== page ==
19 September 2012

Rwanda: Accreditation System to Improve Health Care

The ministry of health yesterday launched a new system to enforce international standards in Rwanda's hospitals, in a move aimed at improving health care services provided to clients.

Though it is noticed that people working in health facilities have made a great effort over the years to be better, but health officials say a better way to attain the greatest achievement implies working under certain guidelines.

"It's for sure that the customer care in health facilities has improved, but you can't be better against yourself," pointed out Agnes Binagwaho, the Health Minister. "We need to be better against a standard - and the standard is 'accreditation'."

The minister was talking to journalists during the launch of "an accreditation system for improving health outcomes" - a tool that will serve as a guideline to assess health care services compared to international standards. The system has been operational in the country for two years and will be used to assess health facilities up to district hospitals level.

So far, the minister noted, only King Faisal Hospital has already accredited, It will be assessed again in the future because the exercise has to be continual to make sure that the services remain at international level.

"Accreditation is not done once forever, but it's a day to day work," explained the minister.

CHUK, CHUB and Kanombe Military Hospital have also started journey towards accreditation.

The minister explained that the assessment will be based on two main criteria namely infrastructure - improving the place where the care is given; and health quality service that involves professional practices in taking care of clients.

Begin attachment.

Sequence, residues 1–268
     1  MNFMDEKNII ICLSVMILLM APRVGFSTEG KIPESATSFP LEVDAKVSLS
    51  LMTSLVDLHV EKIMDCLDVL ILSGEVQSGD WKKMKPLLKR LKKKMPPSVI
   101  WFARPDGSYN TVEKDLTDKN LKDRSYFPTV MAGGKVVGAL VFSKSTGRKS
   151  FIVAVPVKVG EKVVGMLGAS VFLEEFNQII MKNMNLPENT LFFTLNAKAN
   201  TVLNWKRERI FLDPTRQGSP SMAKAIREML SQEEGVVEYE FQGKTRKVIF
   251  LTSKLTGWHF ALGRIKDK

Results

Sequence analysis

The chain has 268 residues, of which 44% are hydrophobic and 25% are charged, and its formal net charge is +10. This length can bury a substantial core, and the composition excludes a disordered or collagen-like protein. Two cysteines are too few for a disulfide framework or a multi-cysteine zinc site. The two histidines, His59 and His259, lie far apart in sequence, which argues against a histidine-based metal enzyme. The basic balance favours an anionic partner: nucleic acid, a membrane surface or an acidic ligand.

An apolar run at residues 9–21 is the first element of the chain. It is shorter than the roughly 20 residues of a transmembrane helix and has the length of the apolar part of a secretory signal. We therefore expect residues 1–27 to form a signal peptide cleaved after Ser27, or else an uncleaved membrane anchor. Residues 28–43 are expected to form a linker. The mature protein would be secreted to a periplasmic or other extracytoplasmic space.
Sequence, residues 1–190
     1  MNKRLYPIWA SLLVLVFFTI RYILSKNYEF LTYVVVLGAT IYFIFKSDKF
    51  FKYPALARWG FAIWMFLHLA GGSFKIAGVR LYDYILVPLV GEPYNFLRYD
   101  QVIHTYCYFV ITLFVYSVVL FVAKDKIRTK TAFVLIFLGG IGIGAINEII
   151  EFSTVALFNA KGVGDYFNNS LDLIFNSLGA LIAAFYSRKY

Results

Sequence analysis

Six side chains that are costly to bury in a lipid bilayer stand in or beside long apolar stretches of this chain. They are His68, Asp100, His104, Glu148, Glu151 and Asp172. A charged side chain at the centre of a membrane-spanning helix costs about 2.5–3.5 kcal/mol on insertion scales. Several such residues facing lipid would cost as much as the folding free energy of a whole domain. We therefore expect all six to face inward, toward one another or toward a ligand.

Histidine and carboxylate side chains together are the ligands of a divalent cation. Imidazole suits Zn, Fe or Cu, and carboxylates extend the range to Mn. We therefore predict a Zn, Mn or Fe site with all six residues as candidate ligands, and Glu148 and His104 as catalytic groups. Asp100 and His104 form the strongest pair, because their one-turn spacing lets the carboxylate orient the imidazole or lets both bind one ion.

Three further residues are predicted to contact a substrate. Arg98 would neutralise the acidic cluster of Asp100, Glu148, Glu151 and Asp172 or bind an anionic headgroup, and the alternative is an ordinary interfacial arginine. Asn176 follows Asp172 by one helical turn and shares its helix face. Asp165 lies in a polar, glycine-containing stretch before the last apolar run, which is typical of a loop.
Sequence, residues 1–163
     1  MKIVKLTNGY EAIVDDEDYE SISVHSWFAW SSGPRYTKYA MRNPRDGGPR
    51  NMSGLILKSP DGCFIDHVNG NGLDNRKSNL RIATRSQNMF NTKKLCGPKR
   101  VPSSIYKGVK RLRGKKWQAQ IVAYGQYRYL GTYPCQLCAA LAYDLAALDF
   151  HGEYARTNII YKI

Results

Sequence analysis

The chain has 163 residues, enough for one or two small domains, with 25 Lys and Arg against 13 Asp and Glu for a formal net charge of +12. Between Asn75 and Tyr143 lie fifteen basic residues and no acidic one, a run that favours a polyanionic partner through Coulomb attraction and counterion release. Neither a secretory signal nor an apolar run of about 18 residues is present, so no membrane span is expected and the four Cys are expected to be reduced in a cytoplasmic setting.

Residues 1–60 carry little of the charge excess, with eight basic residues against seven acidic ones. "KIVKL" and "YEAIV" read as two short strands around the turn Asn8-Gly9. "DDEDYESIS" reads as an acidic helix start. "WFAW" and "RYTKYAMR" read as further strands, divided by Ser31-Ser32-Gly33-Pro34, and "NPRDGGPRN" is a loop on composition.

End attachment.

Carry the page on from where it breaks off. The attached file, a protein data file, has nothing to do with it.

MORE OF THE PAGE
However, some head of hospitals expressed their worries on the issue regarding infrastructure, but the minister told them their issues will be solved as they go economically.

To implement the system, the ministry has recruited an international firm that will help to reach the level regarding all those protocol administrative guidelines in terms of infrastructure and behavior of the health professional which are the key tools to attain at the level of the care needed to give to the population.

"We need to be welcoming, to be warm to the clients with respect and listen to and give them the attention they deserve," said Binagwaho.

For the minister, this new way of working will help them boost their outcomes as it has been even before. She was referring to the recent greatest achievement of the UN's fourth Millennium Development Goal, which is committed to improving children's health care.

"We can even achieve a lot," she pointed out. "It's a matter of mindset change, change habit, and be more organized."

Those who will not comply with the new system, Binagwaho warned, will leave the place to those who are keen to move on; though she remains confident that they don't expect such cases of failure.

"There is an obligation to fulfill standards," she said. "We can confront with these standards those who will not be doing so."

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